A Conservative MP has been told to apologise for breaching rules on donations.
David Morris was found to have broken the paid advocacy rule when he asked a question in the Commons after accepting a £10,000 donation.
Parliament’s Standards Commissioner also criticised Mr Morris’s conduct during her investigation into the case.
Mr Morris will need to make a formal apology in the House of Commons.
MPs are not allowed to lobby for any person or organisation within six months of receiving any money from them as a donation.
Lobbying means trying to get support on any topic of interest, by asking parliamentary questions, approaching Ministers, public officials or other MPs.
The Commissioner, Kathryn Stone, considered the circumstances surrounding a question Mr Morris asked in the Commons on 22 October 2019.
In September 2019, Mr Morris had accepted a donation of £10,000 from Aquind Ltd, which was declared on his register of interests.
Mr Morris’s question sought for Ofgem – the energy watchdog – to “protect” companies such as Aquind Ltd through new regulations.
The following day, Mr Morris also emailed a copy of his question and the minister’s reply to the Secretary of State for Business Energy and Industrial Strategy.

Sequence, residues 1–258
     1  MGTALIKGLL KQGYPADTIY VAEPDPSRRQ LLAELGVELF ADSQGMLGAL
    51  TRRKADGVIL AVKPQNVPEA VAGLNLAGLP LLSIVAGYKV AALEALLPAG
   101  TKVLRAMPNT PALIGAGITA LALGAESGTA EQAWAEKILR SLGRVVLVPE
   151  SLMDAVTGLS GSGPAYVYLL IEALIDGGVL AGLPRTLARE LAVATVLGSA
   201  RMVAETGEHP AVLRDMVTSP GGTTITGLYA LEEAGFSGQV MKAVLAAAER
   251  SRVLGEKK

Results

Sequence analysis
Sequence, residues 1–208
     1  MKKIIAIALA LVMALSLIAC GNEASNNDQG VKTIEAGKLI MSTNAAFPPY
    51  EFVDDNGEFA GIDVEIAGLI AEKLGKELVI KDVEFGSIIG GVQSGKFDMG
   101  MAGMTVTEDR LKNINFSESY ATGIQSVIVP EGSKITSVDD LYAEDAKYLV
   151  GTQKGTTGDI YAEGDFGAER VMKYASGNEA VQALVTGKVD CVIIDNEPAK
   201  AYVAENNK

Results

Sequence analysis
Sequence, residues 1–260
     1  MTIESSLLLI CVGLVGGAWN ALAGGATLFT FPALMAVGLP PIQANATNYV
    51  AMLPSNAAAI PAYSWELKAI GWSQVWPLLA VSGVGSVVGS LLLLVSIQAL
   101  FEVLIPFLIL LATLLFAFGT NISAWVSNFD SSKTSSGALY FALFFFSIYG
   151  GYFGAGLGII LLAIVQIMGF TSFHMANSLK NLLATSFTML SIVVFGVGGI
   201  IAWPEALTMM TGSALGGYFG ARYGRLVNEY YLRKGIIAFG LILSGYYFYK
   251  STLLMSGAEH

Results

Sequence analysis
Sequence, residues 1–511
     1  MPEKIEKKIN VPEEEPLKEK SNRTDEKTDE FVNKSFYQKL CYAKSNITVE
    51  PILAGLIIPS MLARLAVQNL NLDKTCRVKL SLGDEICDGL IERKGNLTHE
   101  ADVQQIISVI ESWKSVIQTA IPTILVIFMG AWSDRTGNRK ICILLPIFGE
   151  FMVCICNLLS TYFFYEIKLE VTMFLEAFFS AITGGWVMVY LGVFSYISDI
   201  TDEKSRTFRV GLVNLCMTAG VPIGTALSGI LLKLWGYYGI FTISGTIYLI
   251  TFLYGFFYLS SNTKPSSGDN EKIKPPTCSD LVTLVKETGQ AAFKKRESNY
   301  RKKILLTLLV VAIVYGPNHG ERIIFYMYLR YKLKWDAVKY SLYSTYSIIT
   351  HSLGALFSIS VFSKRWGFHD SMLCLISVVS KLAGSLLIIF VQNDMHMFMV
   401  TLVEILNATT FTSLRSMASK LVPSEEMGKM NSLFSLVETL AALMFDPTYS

The commissioner found that the question and the email breached the rules on MPs conduct.
The commissioner accepted that Mr Morris’s rule breaking was inadvertent, but criticised his behaviour during her investigation as “regrettable and disrespectful of the House’s system of standards”.
The report on the case said Mr Morris also “repeatedly questioned the commissioner’s remit and her right to consult her officials”.
But it added, “Mr Morris subsequently apologised to the commissioner and the Registrar and outlined factors he considered had influenced how he had engaged with the investigation.”
The commissioner also noted that she understood him to be “deeply apologetic and remorseful for the tone adopted” in some of his correspondence, and that “no disrespect had been intended to me or my office.”
Sanctioning the MP for breaking the rules, the Committee on Standards noted that Mr Morris had “acknowledged he had breached the rules and apologised” and recognised that Mr Morris “had been dealing with particularly challenging and stressful personal circumstances which may have affected his judgment and behaviour during the investigation”.
The committee added: “Any breach of the paid advocacy rule must always be regarded as a serious matter.
“Mr Morris should apologise to the House by means of a personal statement, which should be agreed in advance with Mr Speaker and the Chair of the Committee.”